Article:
Measuring the impact of airborne particles on jet engine performance and safety.

Intertek Caleb Brett

The eruption of the Iceland volcano Eyjafjallajökull in 2010 points out the vulnerability of jet engines to high altitude jagged volcanic ash and other airborne particles.

Intertek laboratories work with jet aviation, jet engine and other industry clients to monitor for potential damage to jet engines and aviation systems from collisions with airborne particles like volcano dust. The data can help determine if the jet engines were exposed to volcanic ash, suffer from engine wear, and other issues.

Intertek checks for particles (particle count testing) and element testing, mainly to investigate for the presence of silicon. Silica (silicon dioxide) particles formed under high heat, as in an explosive volcano, can form glass splinters, which can block jet engine systems.

The jet engine laboratories test for the presence of wear metal elements; silver (Ag), aluminium (Al), chromium (Cr), copper (Cu), iron (Fe), magnesium (Mg), silicon (Si) and titanium (Ti). To determine if contamination with volcanic ash is present, other elements should be analysed as well. To test for the presence of volcanic ash, additional elements are tested, including calcium (Ca), potassium (K), phosphorous (P) and sulfur (S).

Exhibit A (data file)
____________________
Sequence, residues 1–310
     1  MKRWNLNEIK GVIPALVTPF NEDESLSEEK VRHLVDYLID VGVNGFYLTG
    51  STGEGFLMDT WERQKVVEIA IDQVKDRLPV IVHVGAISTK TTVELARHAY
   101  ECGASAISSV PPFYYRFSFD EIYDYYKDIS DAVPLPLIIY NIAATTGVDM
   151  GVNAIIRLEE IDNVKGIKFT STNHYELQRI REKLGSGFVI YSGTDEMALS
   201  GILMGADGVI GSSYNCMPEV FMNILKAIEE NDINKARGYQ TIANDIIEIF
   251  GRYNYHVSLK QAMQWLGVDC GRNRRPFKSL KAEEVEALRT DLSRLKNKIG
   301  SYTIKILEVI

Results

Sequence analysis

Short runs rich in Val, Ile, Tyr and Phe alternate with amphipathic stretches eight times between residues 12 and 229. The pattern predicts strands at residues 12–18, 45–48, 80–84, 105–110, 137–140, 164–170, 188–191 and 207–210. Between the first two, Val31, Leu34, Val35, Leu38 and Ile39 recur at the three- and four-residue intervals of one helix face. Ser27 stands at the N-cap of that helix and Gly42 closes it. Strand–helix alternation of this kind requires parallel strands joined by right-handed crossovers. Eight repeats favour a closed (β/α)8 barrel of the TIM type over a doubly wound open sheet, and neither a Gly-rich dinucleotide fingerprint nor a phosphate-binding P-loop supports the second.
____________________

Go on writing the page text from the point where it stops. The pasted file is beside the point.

As volcanic magma contains a large variety of heavy metals, every extra element detected and tested for provides valuable information.

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